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George Orwell's timeless and timely allegorical novel—a scathing satire on a downtrodden society’s blind march towards totalitarianism.“All animals are equal, but some animals are more equal than others.”A farm is taken over by its overworked, mistreated animals. With flaming idealism and stirring slogans, they set out to create a paradise of progress, justice, and equality. Thus the stage is set for one of the most telling satiric fables ever penned—a razor-edged fairy tale for grown-ups that records the evolution from revolution against tyranny to a totalitarianism just as terrible. When Animal Farm was first published, Stalinist Russia was seen as its target. Today it is devastatingly clear that wherever and whenever freedom is attacked, under whatever banner, the cutting clarity and savage comedy of George Orwell’s masterpiece have a meaning and message still ferociously fresh.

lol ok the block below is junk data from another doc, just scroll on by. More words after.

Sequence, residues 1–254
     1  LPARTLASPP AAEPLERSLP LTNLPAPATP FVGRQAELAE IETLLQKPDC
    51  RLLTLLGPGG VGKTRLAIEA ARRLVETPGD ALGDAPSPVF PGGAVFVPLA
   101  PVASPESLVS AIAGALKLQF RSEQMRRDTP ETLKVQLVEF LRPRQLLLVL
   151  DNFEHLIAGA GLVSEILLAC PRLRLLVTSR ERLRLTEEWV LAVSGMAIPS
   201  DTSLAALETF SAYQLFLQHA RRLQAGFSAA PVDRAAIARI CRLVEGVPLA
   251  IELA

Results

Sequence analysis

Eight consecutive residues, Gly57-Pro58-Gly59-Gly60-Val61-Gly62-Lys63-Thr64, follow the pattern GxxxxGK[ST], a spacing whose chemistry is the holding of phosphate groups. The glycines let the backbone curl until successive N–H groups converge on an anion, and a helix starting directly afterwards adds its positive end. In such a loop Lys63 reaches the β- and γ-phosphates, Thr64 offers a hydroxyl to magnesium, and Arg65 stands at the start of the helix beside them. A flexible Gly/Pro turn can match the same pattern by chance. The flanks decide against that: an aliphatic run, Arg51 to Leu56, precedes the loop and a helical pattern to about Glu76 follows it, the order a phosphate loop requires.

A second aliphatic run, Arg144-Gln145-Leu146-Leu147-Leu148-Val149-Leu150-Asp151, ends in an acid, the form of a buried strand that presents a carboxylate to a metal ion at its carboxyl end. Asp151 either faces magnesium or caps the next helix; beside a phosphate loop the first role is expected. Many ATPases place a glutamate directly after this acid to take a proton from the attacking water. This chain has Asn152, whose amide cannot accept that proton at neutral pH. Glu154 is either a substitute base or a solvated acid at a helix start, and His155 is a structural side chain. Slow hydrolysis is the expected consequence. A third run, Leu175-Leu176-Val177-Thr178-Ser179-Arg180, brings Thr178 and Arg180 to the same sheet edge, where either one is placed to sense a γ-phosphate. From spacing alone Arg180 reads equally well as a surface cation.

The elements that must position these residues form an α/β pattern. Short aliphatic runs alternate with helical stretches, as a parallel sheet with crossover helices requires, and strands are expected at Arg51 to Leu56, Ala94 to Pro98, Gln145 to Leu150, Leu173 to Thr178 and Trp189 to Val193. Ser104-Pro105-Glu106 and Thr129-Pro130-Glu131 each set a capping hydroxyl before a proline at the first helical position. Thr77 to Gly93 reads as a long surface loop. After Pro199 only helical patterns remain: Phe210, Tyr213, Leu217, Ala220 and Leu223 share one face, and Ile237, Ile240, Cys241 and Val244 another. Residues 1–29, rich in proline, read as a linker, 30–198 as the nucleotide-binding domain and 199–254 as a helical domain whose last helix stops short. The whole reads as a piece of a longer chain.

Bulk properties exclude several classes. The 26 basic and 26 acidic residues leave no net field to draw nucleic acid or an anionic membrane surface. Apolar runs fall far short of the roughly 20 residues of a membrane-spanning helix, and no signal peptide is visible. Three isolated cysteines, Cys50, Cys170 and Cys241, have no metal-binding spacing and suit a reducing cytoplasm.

Things Fall Apart—the first volume of Chinua Achebe’s masterpiece The African Trilogy—tells two intertwining stories, both centering on Okonkwo, a “strong man” of an Igbo village in Nigeria. The first, a powerful fable of the immemorial conflict between the individual and society, traces Okonkwo’s fall from grace in his world. The second, as modern as the first is ancient, concerns the clash of cultures and the destruction of that world when European missionaries arrive in his village. Now with more than twenty million copies in print and translated into fifty-seven languages, Things Fall Apart forms one of the most illuminating and permanent monuments we have to the modern African experience as seen from within. Achebe does not merely capture life in an African village before the arrival of colonialism, he conveys the tragedy of the loss of that world while broadening our understanding of our own.